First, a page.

May 19, 2014

Ask the Doctors

I have developed psoriasis, and I find it a nuisance. It is in my scalp and it catches my comb. Do you have any advice?

Psoriasis, unfortunately, is a common skin disorder. It causes irritation, redness, and scaly, silvery-white patches. It often occurs in families, and may well be a condition caused by autoimmune processes.

Normal skin grows from a basal layer of cells that multiply in number through division of cells—one into two, two, and so forth. As these cells come to the surface, they flatten and are called squamous cells. They lose their nuclei and are, on the surface, microscopic little scales that rub off and provide protection to the deeper layers. In psoriasis the outer, or cornified, layer is much thicker. There is an increased blood supply and greater cellular activity.

The normal growth from basal layer to external squamous scale takes about one month; in psoriasis this is a shorter period of time by reason of the “revved-up” cellular activity.

Psoriasis is not infectious and does not spread to others. It commonly shows up between the ages of 15 to 35, and sometimes it comes and goes.

Attacks or outbreaks of psoriasis may follow acute infections such as influenza or streptococcal infection. Insect bites, with resultant irritation and scratching, may play a role. Sunburn, at times, has been associated with an outbreak. People who are taking chemotherapy treatments, are infected with HIV, or have other autoimmune diseases seem to be at greater risk.

Psoriasis favors such sites as the elbows, knees, trunk, and scalp, but can appear anywhere. When the flaky skin is scratched off, a pink irritated skin can be seen to lie beneath. The appearance of psoriasis has led to a descriptive classification, but this is not overly meaningful except to those who might have one type or another.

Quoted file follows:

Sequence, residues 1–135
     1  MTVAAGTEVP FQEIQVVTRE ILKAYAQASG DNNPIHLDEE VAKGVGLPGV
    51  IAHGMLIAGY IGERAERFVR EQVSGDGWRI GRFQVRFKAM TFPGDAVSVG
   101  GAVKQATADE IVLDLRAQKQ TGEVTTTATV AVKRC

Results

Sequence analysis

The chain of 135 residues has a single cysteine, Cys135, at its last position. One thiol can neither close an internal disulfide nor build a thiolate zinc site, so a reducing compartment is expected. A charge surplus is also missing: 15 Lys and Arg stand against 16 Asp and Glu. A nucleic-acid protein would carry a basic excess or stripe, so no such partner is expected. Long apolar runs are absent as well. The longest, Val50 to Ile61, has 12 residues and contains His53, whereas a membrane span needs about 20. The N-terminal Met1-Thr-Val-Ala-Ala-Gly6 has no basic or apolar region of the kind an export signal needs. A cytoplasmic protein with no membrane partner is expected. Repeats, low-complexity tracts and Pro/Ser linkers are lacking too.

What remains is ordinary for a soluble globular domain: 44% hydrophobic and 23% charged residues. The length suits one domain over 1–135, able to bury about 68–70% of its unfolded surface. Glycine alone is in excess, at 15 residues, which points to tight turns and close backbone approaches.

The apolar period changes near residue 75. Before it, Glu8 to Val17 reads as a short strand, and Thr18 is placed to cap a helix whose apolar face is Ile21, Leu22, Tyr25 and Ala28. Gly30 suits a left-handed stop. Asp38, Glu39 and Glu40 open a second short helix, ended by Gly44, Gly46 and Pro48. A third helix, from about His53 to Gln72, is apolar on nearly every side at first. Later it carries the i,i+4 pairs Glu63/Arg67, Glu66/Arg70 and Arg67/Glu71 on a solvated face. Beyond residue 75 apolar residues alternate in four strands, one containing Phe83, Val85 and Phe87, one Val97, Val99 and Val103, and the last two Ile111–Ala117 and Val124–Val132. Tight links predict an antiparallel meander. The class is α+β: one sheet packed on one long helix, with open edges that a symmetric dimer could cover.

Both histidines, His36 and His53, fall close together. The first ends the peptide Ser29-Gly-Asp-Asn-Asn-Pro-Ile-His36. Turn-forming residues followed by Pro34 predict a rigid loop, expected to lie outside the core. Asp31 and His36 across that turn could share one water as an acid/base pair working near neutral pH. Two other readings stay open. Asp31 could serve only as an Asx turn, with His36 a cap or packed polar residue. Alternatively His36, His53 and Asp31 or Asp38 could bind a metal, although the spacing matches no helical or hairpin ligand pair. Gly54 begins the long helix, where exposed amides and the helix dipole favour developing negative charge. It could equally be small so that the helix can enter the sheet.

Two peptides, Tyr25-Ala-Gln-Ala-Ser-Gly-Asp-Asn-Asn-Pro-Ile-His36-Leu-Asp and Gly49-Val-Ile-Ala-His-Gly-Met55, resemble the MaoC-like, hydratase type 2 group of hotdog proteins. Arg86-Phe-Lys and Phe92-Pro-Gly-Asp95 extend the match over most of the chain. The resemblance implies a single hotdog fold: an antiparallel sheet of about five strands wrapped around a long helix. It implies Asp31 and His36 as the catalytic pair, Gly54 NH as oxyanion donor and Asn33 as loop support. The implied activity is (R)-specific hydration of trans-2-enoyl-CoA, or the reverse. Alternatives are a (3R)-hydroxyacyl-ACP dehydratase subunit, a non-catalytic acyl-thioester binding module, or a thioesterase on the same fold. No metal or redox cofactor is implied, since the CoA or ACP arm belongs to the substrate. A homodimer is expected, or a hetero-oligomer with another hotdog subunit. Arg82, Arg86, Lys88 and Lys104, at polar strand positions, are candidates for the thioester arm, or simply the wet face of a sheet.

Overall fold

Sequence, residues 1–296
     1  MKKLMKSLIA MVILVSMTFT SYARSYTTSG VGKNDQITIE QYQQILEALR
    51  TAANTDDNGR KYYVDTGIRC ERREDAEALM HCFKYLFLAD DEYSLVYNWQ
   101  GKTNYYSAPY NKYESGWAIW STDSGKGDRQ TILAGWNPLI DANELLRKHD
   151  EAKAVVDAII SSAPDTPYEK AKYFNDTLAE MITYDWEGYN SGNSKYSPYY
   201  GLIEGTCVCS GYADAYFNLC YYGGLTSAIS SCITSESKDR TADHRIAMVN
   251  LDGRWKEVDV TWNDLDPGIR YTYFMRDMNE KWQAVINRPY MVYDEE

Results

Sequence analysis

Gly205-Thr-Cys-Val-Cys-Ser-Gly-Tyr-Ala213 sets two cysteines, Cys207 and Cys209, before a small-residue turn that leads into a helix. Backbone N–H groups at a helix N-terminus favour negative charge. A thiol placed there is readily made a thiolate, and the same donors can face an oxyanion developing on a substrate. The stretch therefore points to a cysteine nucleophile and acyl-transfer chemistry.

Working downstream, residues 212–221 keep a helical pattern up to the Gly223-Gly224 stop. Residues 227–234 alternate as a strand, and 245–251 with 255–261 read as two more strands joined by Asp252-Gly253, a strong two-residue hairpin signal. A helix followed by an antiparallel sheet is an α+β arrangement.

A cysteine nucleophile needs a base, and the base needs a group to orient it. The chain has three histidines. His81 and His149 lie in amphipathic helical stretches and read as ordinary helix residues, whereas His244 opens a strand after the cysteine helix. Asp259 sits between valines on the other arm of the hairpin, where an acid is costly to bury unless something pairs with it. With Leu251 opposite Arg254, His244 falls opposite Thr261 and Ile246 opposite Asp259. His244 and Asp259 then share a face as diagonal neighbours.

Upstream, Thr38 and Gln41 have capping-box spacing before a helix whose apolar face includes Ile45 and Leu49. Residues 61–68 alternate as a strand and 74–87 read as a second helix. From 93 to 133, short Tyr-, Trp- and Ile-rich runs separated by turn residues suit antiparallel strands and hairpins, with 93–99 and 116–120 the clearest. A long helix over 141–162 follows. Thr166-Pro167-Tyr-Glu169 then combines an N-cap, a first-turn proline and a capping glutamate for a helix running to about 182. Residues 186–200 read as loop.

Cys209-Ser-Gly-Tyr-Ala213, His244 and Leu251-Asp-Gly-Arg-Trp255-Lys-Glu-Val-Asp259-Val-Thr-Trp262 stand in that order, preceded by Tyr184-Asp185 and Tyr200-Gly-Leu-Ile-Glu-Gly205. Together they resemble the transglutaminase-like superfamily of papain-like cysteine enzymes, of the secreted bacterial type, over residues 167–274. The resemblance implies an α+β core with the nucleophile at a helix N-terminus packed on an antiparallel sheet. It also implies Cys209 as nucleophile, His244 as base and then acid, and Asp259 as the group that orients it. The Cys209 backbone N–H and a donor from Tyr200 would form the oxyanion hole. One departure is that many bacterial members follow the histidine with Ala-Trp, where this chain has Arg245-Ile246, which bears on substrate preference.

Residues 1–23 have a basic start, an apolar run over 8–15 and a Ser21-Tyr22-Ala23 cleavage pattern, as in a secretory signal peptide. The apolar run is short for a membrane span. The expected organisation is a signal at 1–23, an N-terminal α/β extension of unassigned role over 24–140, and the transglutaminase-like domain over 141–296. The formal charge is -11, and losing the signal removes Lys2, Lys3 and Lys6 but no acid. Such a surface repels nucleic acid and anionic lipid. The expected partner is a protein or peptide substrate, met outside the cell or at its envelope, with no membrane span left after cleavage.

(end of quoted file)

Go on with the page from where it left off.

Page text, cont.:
Psoriasis can be associated with involvement of the fingernails or toenails, as well as with arthritis. This latter condition can be quite a problem.

As with many dermatological treatments, that for psoriasis is not curative but symptomatic. Your doctor may suggest various creams or lotions, often with the intent of lessening the scaliness and/or the irritation/inflammation. A further treatment may be to use medication or injectables that modify the immune response. A third approach is to use light in a treatment called phototherapy.

The lotions often contain salicylic acid, which cures the scale, or corticoid-type creams to dampen inflammation. Moisturizing lotions to soften the scale, or dandruff shampoos to remove the scale, might be employed.

Newer “biologic” drugs include specific antibodies that seem to target other antibodies. Your doctor many mention such names such as Humira, Enbrel, and Remicade.

Some people are given medications called parabens, which sensitize the skin to ultraviolet light. Such treatments seem to work very well for some patients, but concerns that there may be an increased risk of skin cancer following such exposure have tempered the enthusiasm for such treatments.

The encouraging news is that most patients, although inconvenienced by their condition, live normal and productive lives. We pray that you will, too.

Send your questions to Ask the Doctors, Adventist Review 12501 OId Columbia Pike, Silver Spring, Maryland 20904. Or e-mail them to [email protected]. While this column is provided as a service to our readers, Drs. Landless and Handysides unfortunately cannot enter into personal and private communication with our readers. We recommend you consult with your personal physician on all matters of your health.